The Soil Food Web
The soil food web is a diverse community of organisms and plants living in and above the soil. The underground food web is comprised of a myriad of soil microorganisms ranging from bacteria, fungi, protozoa, nematodes, micro-arthropods, to larger soil dwellers such as earthworms, insects, small vertebrates, plants, and many, many more. These organisms interact closely with plants root systems and perform many important ecological and soil functions.
Applications of GrowBetter™ organic fertilizers are proven to improve soil structure and enhance the soil food web. Not only do GrowBetter™ fertilizers provide plant nutrients, but they also condition the soil with organic matter to promote and conserve biodiversity.
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Source: USDA, Soil & Water Conservation Society
Organic fertilizers often have a lower guaranteed analysis for nitrogen, phosphorous, and potassium. This is a good thing. In general, it tells you that chemicals or synthetics were not used to make the fertilizer. It is important to understand that a lower guaranteed analysis can mean a more effective fertilizer product, where organics is concerned. Many professional organic growers will tell you that organic fertilizers are more effective when used as part of a holistic management program. Applications of organic fertilizers results in long-term improvements to soil quality and increases in soil biodiversity. When biodiversity exists, soils are more productive and -- over time -- less fertilizer is actually required.
In contrast, synthetic fertilizers are known to be derived from fossil fuels (petroleum). Furthermore, they frequently have a high potential to leach out of the soil and contaminate the environment downstream. Synthetic fertilizers often provide quick and short feeding of nutrients to the plant, by way of chemicals. Another disadvantage is that synthetic/chemical fertilizers do not function to condition the soil nor promote biodiversity. Long-term applications of chemical fertilizers often can result in degradation of soil quality, reduction of biodiversity, and increased occurrences of diseases and pests.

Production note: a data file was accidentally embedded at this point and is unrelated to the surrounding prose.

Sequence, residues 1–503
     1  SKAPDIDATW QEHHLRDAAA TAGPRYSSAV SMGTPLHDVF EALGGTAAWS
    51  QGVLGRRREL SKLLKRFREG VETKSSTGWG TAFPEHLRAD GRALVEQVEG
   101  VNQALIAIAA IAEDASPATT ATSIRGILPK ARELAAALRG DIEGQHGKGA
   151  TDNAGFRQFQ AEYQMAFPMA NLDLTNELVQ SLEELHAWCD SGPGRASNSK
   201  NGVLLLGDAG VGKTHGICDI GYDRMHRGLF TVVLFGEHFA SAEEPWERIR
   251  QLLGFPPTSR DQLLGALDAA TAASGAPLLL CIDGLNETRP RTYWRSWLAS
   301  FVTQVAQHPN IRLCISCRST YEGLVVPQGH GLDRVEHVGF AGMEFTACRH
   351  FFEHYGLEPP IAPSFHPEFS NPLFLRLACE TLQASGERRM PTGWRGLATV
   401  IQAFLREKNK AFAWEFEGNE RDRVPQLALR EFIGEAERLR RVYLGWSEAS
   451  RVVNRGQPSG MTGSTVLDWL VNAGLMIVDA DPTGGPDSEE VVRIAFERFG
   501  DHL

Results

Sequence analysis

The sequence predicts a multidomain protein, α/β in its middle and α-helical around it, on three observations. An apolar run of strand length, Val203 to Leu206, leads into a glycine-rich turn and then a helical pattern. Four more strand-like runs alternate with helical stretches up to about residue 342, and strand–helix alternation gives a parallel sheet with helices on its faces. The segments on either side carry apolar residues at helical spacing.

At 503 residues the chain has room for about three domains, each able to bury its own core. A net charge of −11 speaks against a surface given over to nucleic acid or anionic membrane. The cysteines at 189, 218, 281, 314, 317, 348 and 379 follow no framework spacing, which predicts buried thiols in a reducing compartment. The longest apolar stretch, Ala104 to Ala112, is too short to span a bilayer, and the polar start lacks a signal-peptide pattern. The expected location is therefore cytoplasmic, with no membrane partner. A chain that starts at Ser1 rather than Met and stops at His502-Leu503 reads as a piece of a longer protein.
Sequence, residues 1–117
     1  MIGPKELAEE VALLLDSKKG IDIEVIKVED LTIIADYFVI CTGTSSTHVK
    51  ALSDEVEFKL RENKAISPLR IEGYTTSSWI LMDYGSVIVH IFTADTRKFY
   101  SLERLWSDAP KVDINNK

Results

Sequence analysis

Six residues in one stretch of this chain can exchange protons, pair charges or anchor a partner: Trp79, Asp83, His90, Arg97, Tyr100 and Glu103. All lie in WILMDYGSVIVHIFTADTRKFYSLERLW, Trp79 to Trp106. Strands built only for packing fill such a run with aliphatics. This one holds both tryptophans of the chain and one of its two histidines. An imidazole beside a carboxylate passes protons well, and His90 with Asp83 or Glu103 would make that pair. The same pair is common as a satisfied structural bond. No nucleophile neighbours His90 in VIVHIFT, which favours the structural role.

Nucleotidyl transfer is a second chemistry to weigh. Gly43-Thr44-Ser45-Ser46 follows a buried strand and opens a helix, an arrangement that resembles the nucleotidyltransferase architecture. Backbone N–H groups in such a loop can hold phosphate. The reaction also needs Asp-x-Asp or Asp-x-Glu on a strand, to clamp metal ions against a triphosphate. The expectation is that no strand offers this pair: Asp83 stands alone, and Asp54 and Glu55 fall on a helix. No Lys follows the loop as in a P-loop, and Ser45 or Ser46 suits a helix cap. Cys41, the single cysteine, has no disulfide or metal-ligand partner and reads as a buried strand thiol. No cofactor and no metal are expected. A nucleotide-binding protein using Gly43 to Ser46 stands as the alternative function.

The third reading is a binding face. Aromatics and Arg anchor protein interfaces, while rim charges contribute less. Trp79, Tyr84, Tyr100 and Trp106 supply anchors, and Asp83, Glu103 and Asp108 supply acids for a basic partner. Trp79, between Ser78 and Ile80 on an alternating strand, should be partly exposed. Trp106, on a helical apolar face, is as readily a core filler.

Use of organic and natural products can contribute to the development of ecological balance and generate biodiversity. A soil rich with active biodiversity further promotes sustainable crop systems. Establishing biodiversity begins with the soil food web.
Why use organic fertilizers? What is the Soil Food Web?
Another common term used to label fertilizers and soil amendments is "natural". Natural fertilizers include inert ingredients extracted from nature such as rock phosphate and limestone.
When purchasing quality organic fertilizers, look for third-party certification on the packaging. Well-known third-party certifying agencies include the Organic Materials Review Institute (OMRI), California Department of Agriculture (CDFA), and the Washington State Department of Agriculture.
The organisms of the soil food web function to decompose organic and toxic compounds, cycle and retain plant nutrients (thereby improving soil fertility), build soil structure (increases soil porosity and water-holding capacity), suppress disease-causing organisms (through competition of resources such as food and space), protect plant surfaces, and stimulate plant growth and crop yield.
A healthy soil food web occurs when an abundant and diverse soil biology is present and functioning. However, human activities, chemical inputs and other disturbances can contribute to the degradation and loss of existing soil food webs, resulting in poor quality soils and plants. In such instances, the proper biology must be reintroduced. Soil conditions can be improved with the appropriate inputs (natural and organic fertilizers, amendments, compost and compost teas, biological inoculants) to encourage establishment of a diverse food web. Additionally, organic food sources such as sea kelp extract, fish hydrolysate, molasses, compost, oatmeal and other organic amendments can be added to the soil to encourage soil microbial activities.
Why Use Organic and Natural Fertilizers?
The United States Department of Agriculture's National Organic Program defines organic as a labeling term that indicates the "food or other agricultural product has been produced through approved methods that integrate cultural, biological, and mechanical practices that foster cycling of resources, promote ecological balance, and conserve biodiversity. Synthetic fertilizers, sewage sludge, irradiation, and genetic engineering may not be used." Food products labeled as organic require farmers to use third-party-verified fertilizers that meet USDA's organic requirements.
The term "organic," when used to describe fertilizers, has a slightly different definition. Organic fertilizers are made from plant and/or animal by-products and, as such, they are not chemically derived. Organic fertilizers can be made from, for example, soybean, corn meal, animal manure, bone meal, or even feather meal.